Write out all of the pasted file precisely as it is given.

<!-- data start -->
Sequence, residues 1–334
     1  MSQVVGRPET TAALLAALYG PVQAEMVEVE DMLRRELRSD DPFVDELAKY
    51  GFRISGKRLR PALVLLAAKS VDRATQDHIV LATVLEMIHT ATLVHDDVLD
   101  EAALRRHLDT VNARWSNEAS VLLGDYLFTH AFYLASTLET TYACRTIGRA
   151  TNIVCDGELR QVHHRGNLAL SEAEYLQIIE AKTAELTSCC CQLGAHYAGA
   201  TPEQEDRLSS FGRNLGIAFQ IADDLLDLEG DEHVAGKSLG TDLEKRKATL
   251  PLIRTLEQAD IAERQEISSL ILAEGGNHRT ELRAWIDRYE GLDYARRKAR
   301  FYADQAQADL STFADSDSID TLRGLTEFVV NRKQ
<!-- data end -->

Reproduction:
Sequence, residues 1–334
     1  MSQVVGRPET TAALLAALYG PVQAEMVEVE DMLRRELRSD DPFVDELAKY
    51  GFRISGKRLR PALVLLAAKS VDRATQDHIV LATVLEMIHT ATLVHDDVLD
   101  EAALRRHLDT VNARWSNEAS VLLGDYLFTH AFYLASTLET TYACRTIGRA
   151  TNIVCDGELR QVHHRGNLAL SEAEYLQIIE AKTAELTSCC CQLGAHYAGA
   201  TPEQEDRLSS FGRNLGIAFQ IADDLLDLEG DEHVAGKSLG TDLEKRKATL
   251  PLIRTLEQAD IAERQEISSL ILAEGGNHRT ELRAWIDRYE GLDYARRKAR
   301  FYADQAQADL STFADSDSID TLRGLTEFVV NRKQ